Dozens from anglophone community protest against Bill 96 in NDG

Protestors call for the bill to be disallowed by the federal government if passed in National Assembly

Anglophone protestors hold anti Bill 96 and Bill 21 signs in Notre-Dame-de-Grâce Park on Dec. 5 Photo by Amany Mohanna.

Dozens of people gathered in Notre-Dame-de-Grâce Park on Dec. 5 to protest against Bill 96.

The demonstration was organized by The Committee to Disallow Bill 96; a civil group advocating for the rights of English speakers in Quebec.

The proposed bill is an overhaul of Quebec’s Charter of the French Language, or Bill 101. It contains 200 amendments that enforce the province’s laws to be initially stated in French in precedence to their English translations. It also places more limits on the number of students who are allowed to study in English-speaking CEGEPs, and forces businesses with 25 employees or more to obtain a Francization Certificate. This certification is a procedure currently imposed by the Quebec government on businesses with 50 employees or more. It creates measures to ensure the presence of the French language in the internal communications, documentation, and worktools of workplaces.  

Protesters said it is likely that Bill 96 will be approved following its scheduled vote in provincial parliament on Dec. 10. They called upon the federal government to disallow the bill if this happens, affirming that it violates the rights and freedoms of the English-language speakers in Quebec.

For about 90 minutes in front of the park’s cenotaph, protestors circled speakers who gave speeches denouncing overhaul of Bill 101. Protesters held Canadian flags and signs in both French and English condemning bills 21 and 96.

Hugo Shebbeare, the co-leader of the committee, claimed that bills put out by the Coalition Avenir du Québec like Bill 96 and Bill 21 scare many people, even forcing some to move to the other provinces. For example, Bill 21 bans people from wearing religious symbols in certain professions.

“We’re lacking human resources all over the place, and [Premier François Legault is] scaring everybody away,” he said.

Bill 96 was tabled last May by the provincial government. According to the bill, “French is the common language of the Québec nation”. This claim puts Bill 96 in direct conflict with the Canadian Charter of Rights and Freedom which does not recognise the Quebec’s status as a nation. To circumvent this challenge, the Quebec government has invoked the notwithstanding clause in the Charter of Rights and Freedoms. This allows federal, provincial or territorial governments to temporarily override certain Charter rights.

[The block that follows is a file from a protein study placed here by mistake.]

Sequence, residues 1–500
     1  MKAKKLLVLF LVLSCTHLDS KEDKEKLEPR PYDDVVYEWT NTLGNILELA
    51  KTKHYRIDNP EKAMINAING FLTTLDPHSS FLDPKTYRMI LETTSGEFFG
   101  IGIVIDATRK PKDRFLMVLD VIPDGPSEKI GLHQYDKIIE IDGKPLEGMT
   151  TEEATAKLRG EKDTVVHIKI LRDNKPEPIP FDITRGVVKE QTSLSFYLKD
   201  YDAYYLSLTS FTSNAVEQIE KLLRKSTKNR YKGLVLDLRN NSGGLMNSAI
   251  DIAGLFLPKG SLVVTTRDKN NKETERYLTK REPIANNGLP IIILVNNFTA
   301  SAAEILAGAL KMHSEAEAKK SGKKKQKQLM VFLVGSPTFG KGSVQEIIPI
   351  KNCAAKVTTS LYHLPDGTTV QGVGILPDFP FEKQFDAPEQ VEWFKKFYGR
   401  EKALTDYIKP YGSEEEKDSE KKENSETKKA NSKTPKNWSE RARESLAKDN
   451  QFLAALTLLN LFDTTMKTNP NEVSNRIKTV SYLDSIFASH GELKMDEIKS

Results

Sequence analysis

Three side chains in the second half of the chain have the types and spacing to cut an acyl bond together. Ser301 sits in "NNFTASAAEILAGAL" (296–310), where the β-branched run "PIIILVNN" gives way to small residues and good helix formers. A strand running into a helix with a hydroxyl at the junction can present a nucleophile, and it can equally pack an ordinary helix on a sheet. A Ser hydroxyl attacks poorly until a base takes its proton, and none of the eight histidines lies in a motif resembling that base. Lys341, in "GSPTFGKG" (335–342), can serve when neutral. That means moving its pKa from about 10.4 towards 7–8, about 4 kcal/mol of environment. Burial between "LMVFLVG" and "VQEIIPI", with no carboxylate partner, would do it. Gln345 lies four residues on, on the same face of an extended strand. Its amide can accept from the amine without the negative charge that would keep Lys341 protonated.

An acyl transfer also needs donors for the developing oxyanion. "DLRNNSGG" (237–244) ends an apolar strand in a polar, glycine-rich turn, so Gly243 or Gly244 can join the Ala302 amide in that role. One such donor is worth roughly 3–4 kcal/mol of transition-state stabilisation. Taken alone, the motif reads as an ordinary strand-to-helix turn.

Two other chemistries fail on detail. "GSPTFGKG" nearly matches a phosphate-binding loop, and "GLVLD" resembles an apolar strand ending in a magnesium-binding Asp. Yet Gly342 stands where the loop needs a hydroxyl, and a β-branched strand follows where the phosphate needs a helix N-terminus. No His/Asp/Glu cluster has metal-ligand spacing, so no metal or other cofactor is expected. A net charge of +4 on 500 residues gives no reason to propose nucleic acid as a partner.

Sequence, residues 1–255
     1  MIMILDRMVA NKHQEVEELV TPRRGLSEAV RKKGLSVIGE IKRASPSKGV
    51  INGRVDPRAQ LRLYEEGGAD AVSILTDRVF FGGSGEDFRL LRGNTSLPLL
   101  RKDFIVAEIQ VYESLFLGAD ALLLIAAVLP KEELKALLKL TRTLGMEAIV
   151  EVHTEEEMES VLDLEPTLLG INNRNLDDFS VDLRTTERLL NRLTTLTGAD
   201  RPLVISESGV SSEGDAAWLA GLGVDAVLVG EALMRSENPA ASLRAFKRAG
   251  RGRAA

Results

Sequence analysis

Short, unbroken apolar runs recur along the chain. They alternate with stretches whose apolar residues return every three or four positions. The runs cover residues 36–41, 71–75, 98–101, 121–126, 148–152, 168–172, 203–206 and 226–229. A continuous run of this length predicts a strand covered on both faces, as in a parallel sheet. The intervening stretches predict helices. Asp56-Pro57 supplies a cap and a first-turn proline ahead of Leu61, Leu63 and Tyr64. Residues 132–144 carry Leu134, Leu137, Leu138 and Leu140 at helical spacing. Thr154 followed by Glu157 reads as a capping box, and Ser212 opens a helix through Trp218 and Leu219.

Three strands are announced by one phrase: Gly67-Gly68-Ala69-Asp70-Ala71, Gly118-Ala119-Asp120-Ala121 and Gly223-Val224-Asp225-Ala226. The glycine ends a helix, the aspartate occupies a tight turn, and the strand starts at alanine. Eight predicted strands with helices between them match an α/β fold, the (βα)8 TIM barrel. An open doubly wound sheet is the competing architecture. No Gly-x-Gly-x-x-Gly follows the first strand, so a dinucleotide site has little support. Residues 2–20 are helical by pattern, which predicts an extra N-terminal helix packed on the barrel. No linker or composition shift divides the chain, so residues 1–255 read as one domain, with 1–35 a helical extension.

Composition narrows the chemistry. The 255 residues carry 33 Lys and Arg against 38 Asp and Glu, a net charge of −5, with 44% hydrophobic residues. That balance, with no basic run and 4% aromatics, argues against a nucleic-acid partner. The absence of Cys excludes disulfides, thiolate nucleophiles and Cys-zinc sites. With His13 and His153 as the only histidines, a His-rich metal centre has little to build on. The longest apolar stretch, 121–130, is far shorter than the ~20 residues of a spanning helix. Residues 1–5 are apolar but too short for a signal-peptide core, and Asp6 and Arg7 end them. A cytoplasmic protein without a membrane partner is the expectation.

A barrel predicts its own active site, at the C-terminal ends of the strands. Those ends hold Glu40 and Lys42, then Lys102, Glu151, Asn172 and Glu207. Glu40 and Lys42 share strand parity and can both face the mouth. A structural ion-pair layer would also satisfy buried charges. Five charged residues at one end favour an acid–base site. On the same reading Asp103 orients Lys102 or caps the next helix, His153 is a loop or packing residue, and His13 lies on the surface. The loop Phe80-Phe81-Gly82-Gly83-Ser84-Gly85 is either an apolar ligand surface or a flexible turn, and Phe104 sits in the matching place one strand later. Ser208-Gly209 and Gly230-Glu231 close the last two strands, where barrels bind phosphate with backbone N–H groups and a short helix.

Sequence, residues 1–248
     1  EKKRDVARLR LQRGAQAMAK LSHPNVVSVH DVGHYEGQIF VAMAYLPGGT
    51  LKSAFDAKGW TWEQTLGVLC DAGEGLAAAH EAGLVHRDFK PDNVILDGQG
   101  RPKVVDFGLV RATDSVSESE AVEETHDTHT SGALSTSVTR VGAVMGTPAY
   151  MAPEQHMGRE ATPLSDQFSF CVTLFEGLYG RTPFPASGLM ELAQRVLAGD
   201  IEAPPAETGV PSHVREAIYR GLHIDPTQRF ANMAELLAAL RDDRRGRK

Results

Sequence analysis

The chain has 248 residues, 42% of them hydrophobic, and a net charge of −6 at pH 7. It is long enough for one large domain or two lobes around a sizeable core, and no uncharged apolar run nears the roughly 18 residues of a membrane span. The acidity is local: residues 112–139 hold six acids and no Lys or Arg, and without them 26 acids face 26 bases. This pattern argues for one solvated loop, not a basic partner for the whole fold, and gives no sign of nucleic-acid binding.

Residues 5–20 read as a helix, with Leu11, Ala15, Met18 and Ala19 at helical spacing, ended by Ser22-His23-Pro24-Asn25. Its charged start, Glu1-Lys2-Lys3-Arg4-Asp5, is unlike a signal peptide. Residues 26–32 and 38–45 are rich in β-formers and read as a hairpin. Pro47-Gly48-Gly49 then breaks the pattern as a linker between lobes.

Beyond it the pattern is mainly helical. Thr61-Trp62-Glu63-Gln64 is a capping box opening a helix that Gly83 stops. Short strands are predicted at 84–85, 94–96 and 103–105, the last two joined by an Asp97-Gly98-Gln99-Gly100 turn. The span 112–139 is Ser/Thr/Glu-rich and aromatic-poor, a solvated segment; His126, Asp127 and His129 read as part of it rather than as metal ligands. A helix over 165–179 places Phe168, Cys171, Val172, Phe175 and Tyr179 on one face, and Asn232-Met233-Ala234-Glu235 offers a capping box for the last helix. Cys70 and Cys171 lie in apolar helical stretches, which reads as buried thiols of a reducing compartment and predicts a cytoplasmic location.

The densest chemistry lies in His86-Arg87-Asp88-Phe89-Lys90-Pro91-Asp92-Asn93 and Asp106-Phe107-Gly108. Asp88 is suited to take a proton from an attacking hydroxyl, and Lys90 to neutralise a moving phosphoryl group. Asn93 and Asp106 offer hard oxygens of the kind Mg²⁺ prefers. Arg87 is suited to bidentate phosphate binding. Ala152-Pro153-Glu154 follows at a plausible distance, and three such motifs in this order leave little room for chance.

“That’s what happens when you make discriminatory laws. It enables some people to be bullies and in power and feel justified,” — David Clarke

Sharon Brien, a protestor, said Bill 96 would diminish the rights of the English population in Quebec, and she urged not to give up these rights. “I speak French, but I won’t because we’re forced to.”

Bee Santori, an author and publisher, was one of the speakers. He chanted some of his poems denouncing Bill 96. Santori explained that Bill 96’s proposed restrictions on accessing English educational institutions will be detrimental to young people because it will limit their opportunities to work and travel throughout the world. 

“If you speak only French, you're traveling blind [...] I’m not saying that English is the nicest language in the world, but it just happens to be that somebody chose it as the international language of business and of getting together in the world,” Santori said.

Bill 96 grants more power to the Office québécois de la langue française in handling public complaints against businesses. OQLF investigates if they do not follow the bill’s guidelines. 

David Clarke, another protestor, is worried about possible discriminatory practices in the working environment or during the hiring process against the non-francophone population because of Bill 96. “That’s what happens when you make discriminatory laws. It enables some people to be bullies and in power and feel justified,” he said.

The new bill will also waive the condition for Quebec judges to be proficient in English. Louise Makovsky, an attendee, is concerned about its impact on the fairness of legal processes. 

“This worries me because it means that if you have to go to court [because] you’re falsely accused of something, you will not even be able to understand what’s going on. And to me, that’s the beginning of really making people not have rights,” she said.

The Committee to Disallow Bill 96 created a petition on its Facebook page calling on the federal government to disallow the bill in the event it passes provincial parliament.